Hi. I’m a parent of one of your son’s classmates. I have never met you – I have never even seen you.
I don’t know what is going on in your life, and I don’t want to interfere, but I must say just one thing.
Our sons both started at the schools’ nursery at the same time. They’ve been friends – not close, but friends, through nursery, Reception class, and now in year 1. That’s 3 years that I have never seen you.
Do you even exist? Do these lovely children even have a mum? Has something happened..?
Both of your children are lovely. My son often talks about your son, and I am pleased they do sometimes play together. Your daughter always stays with her younger brother until his teacher comes out to take his class inside. She then has to run out of the playground, down the road a short distance, and cross a very busy road to get to her own class. I think she is always late – maybe only by a couple of minutes, but late, never-the-less. I have never heard her complain. Not once. She is such a lovely girl, and I have watched her “tidy-up” her little brother, so he doesn’t go in to school with his shirt hanging out.
Let me tell you, mum, you truly do have two amazing children, but I am concerned that you let them take themselves to school without adult supervision. Is everything ok? Do you need help..?
Dear worn-out looking mum in the school playground,
Psst! I can see you… Hiding in the corner, in the shade, hoping that no one can see you. Hey, I get it – you have probably been chasing your kids around the house, making sure they have eaten all of their breakfast, washed their faces, brushed their teeth, and were getting dressed properly. “What’s that, beloved child of mine, you have lost one of your shoes..? Again..?” Yeah. I know what that’s like.
I can tell you are trying to hide your quickly tied up hair, and I can see the stain on your t-shirt… Don’t worry mum, you got your son to school on time, and he looks good, in his freshly washed uniform. You’ve only got to take your little one to nursery, then you can go home.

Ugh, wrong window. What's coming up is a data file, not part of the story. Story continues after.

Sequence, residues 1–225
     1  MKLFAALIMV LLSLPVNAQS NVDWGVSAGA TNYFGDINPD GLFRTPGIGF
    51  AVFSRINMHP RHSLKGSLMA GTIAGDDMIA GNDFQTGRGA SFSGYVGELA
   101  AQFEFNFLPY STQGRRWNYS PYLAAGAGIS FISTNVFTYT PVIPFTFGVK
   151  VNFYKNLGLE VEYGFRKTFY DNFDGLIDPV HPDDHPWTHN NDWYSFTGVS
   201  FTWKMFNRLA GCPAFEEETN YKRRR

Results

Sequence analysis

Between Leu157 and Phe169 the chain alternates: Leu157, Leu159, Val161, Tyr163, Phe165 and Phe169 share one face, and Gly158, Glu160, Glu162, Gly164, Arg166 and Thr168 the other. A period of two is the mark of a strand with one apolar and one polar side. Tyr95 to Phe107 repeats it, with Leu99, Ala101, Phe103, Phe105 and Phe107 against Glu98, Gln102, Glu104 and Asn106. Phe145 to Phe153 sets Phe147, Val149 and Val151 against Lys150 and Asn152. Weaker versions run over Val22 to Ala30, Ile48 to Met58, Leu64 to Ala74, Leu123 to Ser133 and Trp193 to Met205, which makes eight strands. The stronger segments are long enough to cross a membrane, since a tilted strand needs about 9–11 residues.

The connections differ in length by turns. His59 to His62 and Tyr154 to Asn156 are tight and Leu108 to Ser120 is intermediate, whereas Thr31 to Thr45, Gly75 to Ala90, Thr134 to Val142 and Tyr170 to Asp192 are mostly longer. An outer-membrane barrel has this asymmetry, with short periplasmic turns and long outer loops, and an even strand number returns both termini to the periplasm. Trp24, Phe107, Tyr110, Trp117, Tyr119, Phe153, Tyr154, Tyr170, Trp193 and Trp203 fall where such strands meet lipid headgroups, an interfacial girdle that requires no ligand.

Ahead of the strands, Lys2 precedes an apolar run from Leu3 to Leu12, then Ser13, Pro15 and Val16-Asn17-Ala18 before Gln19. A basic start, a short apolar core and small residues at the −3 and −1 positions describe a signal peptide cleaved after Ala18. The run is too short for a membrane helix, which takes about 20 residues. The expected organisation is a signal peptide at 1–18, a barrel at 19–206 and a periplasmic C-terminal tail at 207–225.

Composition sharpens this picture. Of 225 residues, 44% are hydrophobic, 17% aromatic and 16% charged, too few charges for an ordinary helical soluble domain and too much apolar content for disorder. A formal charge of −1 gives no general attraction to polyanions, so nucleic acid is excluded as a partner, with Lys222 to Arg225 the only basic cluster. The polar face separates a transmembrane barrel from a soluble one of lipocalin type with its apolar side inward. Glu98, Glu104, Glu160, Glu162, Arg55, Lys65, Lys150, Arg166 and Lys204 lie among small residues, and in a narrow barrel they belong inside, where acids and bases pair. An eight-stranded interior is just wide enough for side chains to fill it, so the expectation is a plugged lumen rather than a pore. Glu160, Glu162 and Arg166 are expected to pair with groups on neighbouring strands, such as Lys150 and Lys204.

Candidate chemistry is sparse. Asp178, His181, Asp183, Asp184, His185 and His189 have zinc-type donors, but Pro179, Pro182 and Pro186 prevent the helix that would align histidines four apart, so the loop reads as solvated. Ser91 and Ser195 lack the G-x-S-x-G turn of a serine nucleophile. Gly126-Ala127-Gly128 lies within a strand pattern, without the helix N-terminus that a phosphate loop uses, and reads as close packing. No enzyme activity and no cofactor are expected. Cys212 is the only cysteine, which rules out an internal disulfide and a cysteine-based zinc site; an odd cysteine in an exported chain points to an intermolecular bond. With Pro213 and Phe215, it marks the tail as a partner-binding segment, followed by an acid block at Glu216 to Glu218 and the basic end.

Now, do yourself a favour, and go and put the kettle on, and take an hour or two just for you. You’re doing a great job, mum, and you may not feel it, but you are allowed to take a time out.
Talk about a comfort food! This is a perfect pudding to make and enjoy, whilst waiting for Spring to turn up. I know, I know – it’s officially Spring already, but it’s still chilly out there!
This recipe takes about 15 minutes to make, and then a further 45 minutes to “bake”. I asked for the help of Gning with this one…
3-4 tsp sweet mixed spice (cinnamon, nutmeg, etc.)
1l milk (whole / full fat works best)
A few handfuls of sultanas
8 rounds of bread (approximately… You may need more, depending on the size of the ovenproof dish you use)
Butter – to grease the ovenproof dish
- Preheat your oven to 190ºC (170ºC for fan assisted ovens).
- Grease your ovenproof dish with butter.
- Measure out your sugar, and combine the sweet mixed spice, stirring thoroughly. I assigned this task to Gning.
- Measure out your milk, and crack the eggs straight in to it. Use a whisk to combine it… This was another task assigned to Gning.
- (Optional) cut all the crusts off the bread.
- Butter one side of each round of bread, and slice in half – side or diagonally, your choice. Fill the bottom of the ovenproof dish with the sliced bread (butter “up”).
- I asked Gning to sprinkle some of the sugar mix over the bread, followed by a handful of sultanas. Repeat this step until the ovenproof dish is full.
- Pour the egg-milk mixture over the top of the layered bread, and allow to “soak” for 10-15 minutes. Don’t worry if it looks like you have too much milk… You don’t. It will all set wonderfully.
- Place in the middle of the oven, and bake for 45 minutes.
- Your pudding should be ready when it is a lovely golden colour.
- Serve immediately – with or without cream; or you can leave the pudding to “set”, and serve it cold. Yummy!